In China, bicycle sales have picked up in recent years, with the government promoting cycling events such as the Tour of Beijing. In 2010, production of bicycles in China declined 13.2% to 76.06 million bicycles. By 2012, the rot had been stemmed and production declined a mere 0.8% to 82.7 million. To be sure, much of China’s production—close to 60 million bicycles a year—is exported, according to Aicma. In contrast, India exports less than two million bicycles a year.
Not many cities have dedicated cycling lanes. Delhi, which boasts the best infrastructure in the country, has 14.5km of cycling lanes.
Despite the lack of infrastructure, which he said is a “genuine problem", Munjal is preparing to push into the niche segment.
“High end is where the money is going to come from," he said. This month, the company will launch Sprint, a high-end brand, with prices starting at ₹ 20,000, Munjal said.
Hero Cycles already has a premium bicycle range branded Urban Trail, priced at ₹ 40,000-150,000. As many as 55,000 Urban Trail cycles have been sold since the launch in December 2011, the company said.
Bicycle makers such as Hero Cycles also depend on the munificence of local governments. Bihar, for instance, has a scheme that seeks to put more girls in schools. Since transport is a problem, it has sought to overcome this by giving free bicycles or a grant of ₹ 2,000 to all girls in classes IX and X. Hero has set up a factory around 30km from state capital Patna to cater to the demand. Other states have similar schemes.
Yet, there’s only so much that such schemes and sales of high-end bicycles can help.
Which is why Munjal is diversifying.
“It is always good to diversify given the times that we live in," Munjal said. “Having said that, we will not enter into a business where we don’t own customers or don’t have a position in the top three."
In some ways, Munjal has always flirted with new businesses. His wife Charu runs a chain of home decor stores known as Oma (the first opened in 2007) and he owns a restaurant, Auma, in Delhi luxury mall DLF Emporio. He also has a ₹ 800 crore hotel project in Gurgaon that will open by 2015.
Munjal has also had an auto components business for some time—he supplies motorcycle transmissions to BMW—and is looking at ways to expand this. In 2010, Hero MotoCorp Ltd, promoted by his uncle Brij Mohanlal Munjal and run by cousins Pawan Kant and Sunil Kant Munjal, split with long-time partner Honda Motor Co. Pankaj Munjal is the son of O.P. Munjal, the brother of Brij Mohanlal Munjal.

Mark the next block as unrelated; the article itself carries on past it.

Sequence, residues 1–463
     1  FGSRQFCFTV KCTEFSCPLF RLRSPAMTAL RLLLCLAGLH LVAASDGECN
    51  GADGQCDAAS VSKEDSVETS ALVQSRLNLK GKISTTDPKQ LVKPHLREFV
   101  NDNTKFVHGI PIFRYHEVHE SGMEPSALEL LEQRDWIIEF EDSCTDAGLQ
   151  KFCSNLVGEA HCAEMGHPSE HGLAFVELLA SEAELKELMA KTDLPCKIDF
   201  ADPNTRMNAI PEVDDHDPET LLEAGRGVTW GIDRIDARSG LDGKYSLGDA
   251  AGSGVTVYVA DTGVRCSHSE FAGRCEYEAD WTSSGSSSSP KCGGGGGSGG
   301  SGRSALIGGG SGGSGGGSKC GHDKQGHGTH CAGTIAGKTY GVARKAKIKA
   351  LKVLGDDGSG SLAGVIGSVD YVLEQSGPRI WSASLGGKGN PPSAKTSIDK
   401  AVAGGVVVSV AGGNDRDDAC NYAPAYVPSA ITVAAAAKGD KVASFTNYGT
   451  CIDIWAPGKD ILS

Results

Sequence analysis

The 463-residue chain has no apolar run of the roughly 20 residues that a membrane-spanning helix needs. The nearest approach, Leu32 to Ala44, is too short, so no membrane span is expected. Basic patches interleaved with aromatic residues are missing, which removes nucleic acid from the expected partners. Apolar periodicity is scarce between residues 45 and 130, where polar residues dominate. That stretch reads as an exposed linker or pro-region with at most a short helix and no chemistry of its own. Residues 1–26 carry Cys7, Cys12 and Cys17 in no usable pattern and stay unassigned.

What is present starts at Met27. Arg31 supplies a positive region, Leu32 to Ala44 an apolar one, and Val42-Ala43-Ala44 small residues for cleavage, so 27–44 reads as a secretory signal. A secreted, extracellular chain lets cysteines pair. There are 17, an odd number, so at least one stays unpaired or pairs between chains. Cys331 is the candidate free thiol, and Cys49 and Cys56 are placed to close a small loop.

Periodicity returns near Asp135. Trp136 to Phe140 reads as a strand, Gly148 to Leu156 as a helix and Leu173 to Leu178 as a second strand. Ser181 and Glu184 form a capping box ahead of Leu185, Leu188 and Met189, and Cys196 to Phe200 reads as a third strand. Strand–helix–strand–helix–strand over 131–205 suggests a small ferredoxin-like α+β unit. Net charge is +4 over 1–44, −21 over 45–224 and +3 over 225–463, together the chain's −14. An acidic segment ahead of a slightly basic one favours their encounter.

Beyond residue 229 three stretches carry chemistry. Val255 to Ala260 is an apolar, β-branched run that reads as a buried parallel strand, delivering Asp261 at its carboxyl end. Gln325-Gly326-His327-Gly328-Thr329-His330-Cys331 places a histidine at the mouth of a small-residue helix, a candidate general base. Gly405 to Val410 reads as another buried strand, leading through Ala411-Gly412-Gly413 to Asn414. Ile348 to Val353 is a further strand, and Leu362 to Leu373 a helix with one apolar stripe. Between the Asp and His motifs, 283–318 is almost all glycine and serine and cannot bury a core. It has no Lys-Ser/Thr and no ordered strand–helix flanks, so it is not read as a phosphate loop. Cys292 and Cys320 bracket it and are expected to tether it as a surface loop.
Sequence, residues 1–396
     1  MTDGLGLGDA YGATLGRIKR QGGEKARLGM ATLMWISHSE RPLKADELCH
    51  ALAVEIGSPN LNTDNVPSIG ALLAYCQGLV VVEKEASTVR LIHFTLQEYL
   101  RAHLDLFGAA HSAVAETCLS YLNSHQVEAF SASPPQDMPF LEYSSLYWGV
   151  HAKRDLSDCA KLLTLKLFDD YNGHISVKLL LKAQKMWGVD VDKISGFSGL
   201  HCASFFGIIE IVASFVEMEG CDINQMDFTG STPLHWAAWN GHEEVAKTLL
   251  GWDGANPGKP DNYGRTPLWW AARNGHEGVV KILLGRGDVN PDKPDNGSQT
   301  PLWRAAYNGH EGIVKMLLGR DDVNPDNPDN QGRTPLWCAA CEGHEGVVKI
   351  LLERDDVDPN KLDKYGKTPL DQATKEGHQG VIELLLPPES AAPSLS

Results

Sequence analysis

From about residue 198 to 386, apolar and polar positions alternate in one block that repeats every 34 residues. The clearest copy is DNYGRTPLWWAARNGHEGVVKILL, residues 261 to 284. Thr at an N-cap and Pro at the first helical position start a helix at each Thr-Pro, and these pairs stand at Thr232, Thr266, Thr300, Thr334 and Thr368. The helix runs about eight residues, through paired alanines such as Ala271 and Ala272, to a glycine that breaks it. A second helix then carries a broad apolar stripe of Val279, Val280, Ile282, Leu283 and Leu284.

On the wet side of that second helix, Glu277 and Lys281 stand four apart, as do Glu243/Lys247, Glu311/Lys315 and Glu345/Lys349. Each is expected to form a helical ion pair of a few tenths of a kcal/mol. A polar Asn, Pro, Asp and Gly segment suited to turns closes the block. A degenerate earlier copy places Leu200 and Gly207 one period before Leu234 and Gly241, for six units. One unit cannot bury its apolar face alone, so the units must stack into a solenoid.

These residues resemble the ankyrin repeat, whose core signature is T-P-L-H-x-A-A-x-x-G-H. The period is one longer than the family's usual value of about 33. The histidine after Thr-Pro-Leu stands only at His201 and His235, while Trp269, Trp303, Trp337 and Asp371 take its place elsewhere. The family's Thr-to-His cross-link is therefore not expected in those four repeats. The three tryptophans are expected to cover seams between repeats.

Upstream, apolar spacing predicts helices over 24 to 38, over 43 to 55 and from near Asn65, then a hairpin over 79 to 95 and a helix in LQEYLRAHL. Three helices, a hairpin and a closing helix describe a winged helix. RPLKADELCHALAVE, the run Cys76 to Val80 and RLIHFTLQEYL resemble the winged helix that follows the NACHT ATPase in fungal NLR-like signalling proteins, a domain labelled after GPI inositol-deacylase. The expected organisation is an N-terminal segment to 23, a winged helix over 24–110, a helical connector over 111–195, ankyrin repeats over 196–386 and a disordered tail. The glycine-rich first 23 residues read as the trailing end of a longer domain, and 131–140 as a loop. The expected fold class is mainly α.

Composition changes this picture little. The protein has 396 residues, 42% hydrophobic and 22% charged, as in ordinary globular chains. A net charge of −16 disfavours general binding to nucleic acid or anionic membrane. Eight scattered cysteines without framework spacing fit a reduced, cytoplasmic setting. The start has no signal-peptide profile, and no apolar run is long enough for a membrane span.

Until 2011, the larger Munjal family had cross-holdings in each others companies, but a settlement that year saw these being unwound. Pankaj Munjal nows owns most of Hero Cycles.
His auto component company Hero Motors Ltd will shortly enter the car transmission business—prototypes are being tested in Munich—and hopes to start production in early 2014. “We used to make transmissions for BMW bikes, only but now we want to start for cars," Munjal said.
Total revenue from Pankaj Munjal’s businesses—Hero Cycles, Hero Motors, Munjal Kiriu Industries Pvt. Ltd and ZF Hero Chassis Systems Pvt. Ltd—grew 10.58% to ₹ 1,975 crore in 2012-13 over a year ago. However, the contribution of the bicycle business to total revenue declined from 81.62% in 2008-09 to 73.26% last fiscal, even as revenue contribution from the non-cycle businesses grew from 18.37% to 26.78% in the same period.
The O.P. Munjal family has tried its hand at the automotive sector but with little success. In 1996, Hero Motors partnered with BMW to manufacture motorcycles in India, but the deal fell through as the Hero Group had a non-compete agreement with Honda. A partnership with Italy’s Aprilia to make and sell scooters was called off after Piaggio and Co. SpA acquired the Italian manufacturer in 2005.
As he diversifies, Pankaj Munjal doesn’t rule out trying something like this again, but says there will be no clash with his uncle and cousins. “There is no obligation on entering each other’s business. They can make bicycles and we can make motorcycles. There is an understanding on the branding. There is a thick agreement on that," he said.
His major bet, though, will remain bicycles. Despite the negativity surrounding the cycle industry, Munjal said he will pump in another ₹ 1,450 crore by 2015 as Hero Cycles seeks to double sales in the next five years and increase market share by 12 percentage points.
“We plan to sell 7.5% of the world’s bicycle production by 2018," he said. “Bicycle penetration in India is very low as compared with China. We need to reach out 400 million people who can’t afford to buy one," he said. “There is enough potential."